Barbara H
Jul 27, 2009 rated it really liked it  ·  review of another edition
This is the tragic story about how the US government treated its own citizens in WWII. Thousands of Japanese American people, many of whom were born in this country, were placed in internment camps to "protect" the American people. Is this hindsight or were people actually deluded into believing the Japanese Americans were a threat? Judge for your own opinion on this controversial topic. ...more
J. Wootton
Mar 23, 2022 rated it really liked it
In San Antonio, Texas, an abandoned quarry donated to the city in 1899 was turned into a lily pond garden and tourist attraction during the early 1900s, eventually becoming known as the "Japanese Tea Garden" and featuring a tea room. Visitors today are greeted by a magnificently carved elaborate wooden archway at the park entrance that reads "Chinese Tea Garden."

One story circulating to explain this discrepancy is that the Japanese-American tea room operators had this arch carved at considerable
Reading about the WW II internment camps for American citizens from a child’s point of view maybe and probably is a simplified example of what actually happened and how it harmed the lives of those involved. But Ms. Wakatsuki did a great job. The story is well written and informative, an easy recommendation.

This is a subject that has intrigued me since elementary school. Too young to be overly prejudiced I found it incredible that the government could imprison its citizens. Lesson learned? Gove
Heather *coffee and flowers*
These rock gardens had outlived the barracks and the towers and would surely outlive the asphalt road and rusted pipes and shattered slabs of concrete. Each stone was a mouth, speaking for a family, for some man who had beautified his doorstep.

Nov 25, 2015 rated it liked it  ·  review of another edition
Shelves: reviewed
So you got Jeanne, a very young girl who is thrown into a world full of confusion, racism, and prejudice, all of which she does not understand right away.

On the other hand, you got her father who drinks a lot and expresses his hatred toward their situation as well as his disagreements on the way Japanese people have been treated. He is very traditional. believing in honor, courage, and respect, a ways of life which have not only been challenged but also are slowly disappearing from his children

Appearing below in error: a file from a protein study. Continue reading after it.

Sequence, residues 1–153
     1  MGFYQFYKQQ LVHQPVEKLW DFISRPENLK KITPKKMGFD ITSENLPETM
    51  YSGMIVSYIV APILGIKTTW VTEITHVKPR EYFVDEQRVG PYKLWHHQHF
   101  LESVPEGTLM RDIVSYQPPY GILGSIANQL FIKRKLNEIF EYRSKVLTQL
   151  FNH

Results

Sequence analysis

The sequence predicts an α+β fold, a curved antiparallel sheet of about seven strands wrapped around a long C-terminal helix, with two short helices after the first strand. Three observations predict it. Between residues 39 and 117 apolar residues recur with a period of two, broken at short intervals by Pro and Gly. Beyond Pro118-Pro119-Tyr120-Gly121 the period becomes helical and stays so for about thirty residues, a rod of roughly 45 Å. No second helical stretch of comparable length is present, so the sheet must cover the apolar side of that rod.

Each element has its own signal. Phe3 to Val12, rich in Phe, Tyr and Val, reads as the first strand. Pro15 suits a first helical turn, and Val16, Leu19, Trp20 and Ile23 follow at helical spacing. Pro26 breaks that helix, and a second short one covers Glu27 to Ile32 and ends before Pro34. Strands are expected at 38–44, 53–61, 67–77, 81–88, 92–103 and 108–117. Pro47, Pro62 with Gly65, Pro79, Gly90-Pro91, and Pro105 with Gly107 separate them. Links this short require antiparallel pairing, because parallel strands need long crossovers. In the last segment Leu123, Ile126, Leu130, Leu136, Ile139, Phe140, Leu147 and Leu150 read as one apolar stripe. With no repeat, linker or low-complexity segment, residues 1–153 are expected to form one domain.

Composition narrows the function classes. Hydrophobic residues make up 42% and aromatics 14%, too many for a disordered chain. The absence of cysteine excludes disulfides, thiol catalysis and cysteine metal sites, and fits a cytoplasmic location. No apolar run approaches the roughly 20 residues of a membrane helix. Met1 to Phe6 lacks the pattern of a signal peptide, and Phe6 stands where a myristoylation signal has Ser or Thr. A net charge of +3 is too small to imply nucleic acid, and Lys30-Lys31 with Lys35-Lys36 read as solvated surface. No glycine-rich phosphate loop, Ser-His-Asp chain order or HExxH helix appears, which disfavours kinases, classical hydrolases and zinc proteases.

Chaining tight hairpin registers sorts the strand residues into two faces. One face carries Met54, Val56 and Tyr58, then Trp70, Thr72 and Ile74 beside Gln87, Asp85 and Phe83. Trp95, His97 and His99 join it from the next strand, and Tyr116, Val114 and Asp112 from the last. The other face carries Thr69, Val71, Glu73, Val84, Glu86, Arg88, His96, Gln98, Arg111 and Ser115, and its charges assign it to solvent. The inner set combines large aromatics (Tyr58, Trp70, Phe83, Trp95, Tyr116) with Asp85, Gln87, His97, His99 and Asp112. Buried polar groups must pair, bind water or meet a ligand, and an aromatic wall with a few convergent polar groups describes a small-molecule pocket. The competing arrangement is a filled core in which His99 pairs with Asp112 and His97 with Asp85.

Lauren Curley
Oct 23, 2015 rated it it was ok
I have been to Manzanar which is why I wanted to read this book. This book really made that trip come to life. Gaining a better understanding of how the Japanese were removed from their homes and then their typical lives in Manzanar was fascinating. My favorite part was reading about how the camp changed from when it opened to when it closed. To start with bare floors and dust flying everywhere to more acceptable conditions made more sense after my visit and this book.
The reason I am rating thi
Mar 02, 2011 rated it really liked it
It's been about six years since I read this, but I remember it fondly.
The internment camps of the WWII era tend to get overshadowed in the study of history, which I find to be disgraceful. Yes, the Holocaust and the atomic bomb are vital events in the history of the world, and I'm not suggesting that we ignore them by any means. But the internment camps need to be talked about: if they're glossed over or ignored, Americans run the risk of forgetting that our country was at war with two other nat